Frequently asked questions:
What is Raise Illinois?
Raise Illinois is a major legislative and grassroots campaign to increase Illinois’ minimum wage from the current $8.25 per hour to $10.65 an hour. Raise Illinois is led by a coalition made up of community, business, faith and labor organizations along with minimum wage workers and supporters that are committed to fighting for a raise in the minimum wage in Illinois.
What is the current minimum wage in Illinois?
The minimum wage in Illinois is $8.25, which translates to about $16,500 a year for a full-time, year round worker.
Why should we increase the minimum wage?
With the worst recession in a generation still being felt across the nation, state and federal leaders are focused on getting their economies moving again while helping working families make ends meet. Raising the minimum wage is a key strategy for doing both and should be part of an economic recovery agenda. Low-income families spend all of their additional income on basic necessities in their local communities. A raise in the minimum wage will increase consumer spending and create a higher demand for goods. This in turn will increase business profits, create jobs and assist in the overall economic recovery. A robust minimum wage is a key building block of sustainable economic recovery.
What is Raise Illinois’ proposal to increase the minimum wage?
In January 2011, Senate Bill 1565 was introduced in the Illinois General Assembly. This legislation will gradually increase the minimum wage over four years, until 2014, when the wage will hit $10.65 and thereafter go up with the cost of living each year. The bill number was recently changed to Senate Bill 68.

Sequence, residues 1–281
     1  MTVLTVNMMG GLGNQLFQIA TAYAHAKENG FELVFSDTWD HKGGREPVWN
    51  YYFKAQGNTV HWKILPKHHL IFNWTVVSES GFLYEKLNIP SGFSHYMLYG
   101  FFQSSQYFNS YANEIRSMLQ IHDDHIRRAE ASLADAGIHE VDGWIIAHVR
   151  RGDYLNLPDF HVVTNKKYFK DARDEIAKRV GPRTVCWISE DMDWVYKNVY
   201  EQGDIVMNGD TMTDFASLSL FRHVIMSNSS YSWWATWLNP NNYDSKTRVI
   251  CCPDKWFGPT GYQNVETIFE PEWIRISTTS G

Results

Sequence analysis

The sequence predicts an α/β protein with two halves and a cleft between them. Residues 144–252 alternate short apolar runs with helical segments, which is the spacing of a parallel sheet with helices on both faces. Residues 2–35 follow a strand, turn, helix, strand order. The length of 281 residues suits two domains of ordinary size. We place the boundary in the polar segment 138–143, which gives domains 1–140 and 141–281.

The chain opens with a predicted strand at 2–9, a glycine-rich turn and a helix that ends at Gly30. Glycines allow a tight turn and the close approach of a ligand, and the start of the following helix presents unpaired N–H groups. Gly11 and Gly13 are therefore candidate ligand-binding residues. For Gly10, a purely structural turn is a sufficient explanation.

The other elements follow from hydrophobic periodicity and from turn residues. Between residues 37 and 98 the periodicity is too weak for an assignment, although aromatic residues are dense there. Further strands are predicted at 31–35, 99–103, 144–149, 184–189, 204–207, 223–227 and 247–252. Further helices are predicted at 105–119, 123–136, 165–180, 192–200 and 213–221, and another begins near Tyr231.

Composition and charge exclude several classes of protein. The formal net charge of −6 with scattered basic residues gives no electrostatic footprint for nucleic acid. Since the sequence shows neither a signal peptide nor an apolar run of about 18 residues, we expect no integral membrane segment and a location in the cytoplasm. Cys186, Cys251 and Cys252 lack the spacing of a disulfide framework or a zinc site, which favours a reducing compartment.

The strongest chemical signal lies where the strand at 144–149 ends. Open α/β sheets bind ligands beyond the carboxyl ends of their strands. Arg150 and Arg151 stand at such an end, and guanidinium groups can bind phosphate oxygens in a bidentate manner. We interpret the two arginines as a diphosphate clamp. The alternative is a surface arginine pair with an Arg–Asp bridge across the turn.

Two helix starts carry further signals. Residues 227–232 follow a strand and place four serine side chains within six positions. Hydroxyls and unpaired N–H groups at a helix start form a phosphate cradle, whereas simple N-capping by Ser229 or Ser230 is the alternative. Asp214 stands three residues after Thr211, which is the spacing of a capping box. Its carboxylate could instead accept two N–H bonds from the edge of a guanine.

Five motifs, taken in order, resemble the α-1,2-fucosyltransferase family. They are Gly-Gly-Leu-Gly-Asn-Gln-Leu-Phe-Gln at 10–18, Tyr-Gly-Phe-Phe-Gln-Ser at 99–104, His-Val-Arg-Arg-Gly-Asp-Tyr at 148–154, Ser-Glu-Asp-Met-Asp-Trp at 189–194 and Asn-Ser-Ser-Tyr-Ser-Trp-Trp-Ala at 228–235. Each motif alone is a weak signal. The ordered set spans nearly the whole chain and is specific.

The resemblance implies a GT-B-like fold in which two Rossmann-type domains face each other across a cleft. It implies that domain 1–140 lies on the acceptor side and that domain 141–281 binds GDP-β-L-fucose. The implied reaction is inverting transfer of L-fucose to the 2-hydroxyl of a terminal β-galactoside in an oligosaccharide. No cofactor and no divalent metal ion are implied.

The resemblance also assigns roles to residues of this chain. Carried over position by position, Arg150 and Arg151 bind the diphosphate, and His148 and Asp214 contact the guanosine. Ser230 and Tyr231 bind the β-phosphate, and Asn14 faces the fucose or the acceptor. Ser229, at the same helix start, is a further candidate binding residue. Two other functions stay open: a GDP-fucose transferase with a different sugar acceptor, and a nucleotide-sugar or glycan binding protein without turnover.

How does the current value of the minimum wage compare with it’s past value?
The value of the minimum wage has fallen sharply over the past forty years. In 1968, for example, the federal minimum wage was $1.60 per hour, which translates to approximately $10.27 in 2011 dollars.
Does raising the minimum wage cause job loss?
No. The best economic research, and real world experiences with minimum wage increases, confirms that raising the minimum wage does not cause job loss. The decade following the federal minimum wage increase in 1996-1997 ushered in one of the strongest periods of job growth in decades. Analyses of states with minimum wages higher than the federal floor between 1998 and 2003 showed that their job growth was actually stronger overall than in states that kept the lower federal level.
The most sophisticated minimum wage study to date, published in November 2010 by economists at the University of Massachusetts, University of North Carolina, and University of California, compared employment data among every pair of neighboring U.S. counties that straddle a state border and had differing minimum wage levels at any time between 1990 and 2006, and found that minimum wage increases did not cost jobs. A companion study published in April 2011 found that these results hold true even during periods of recession and high unemployment.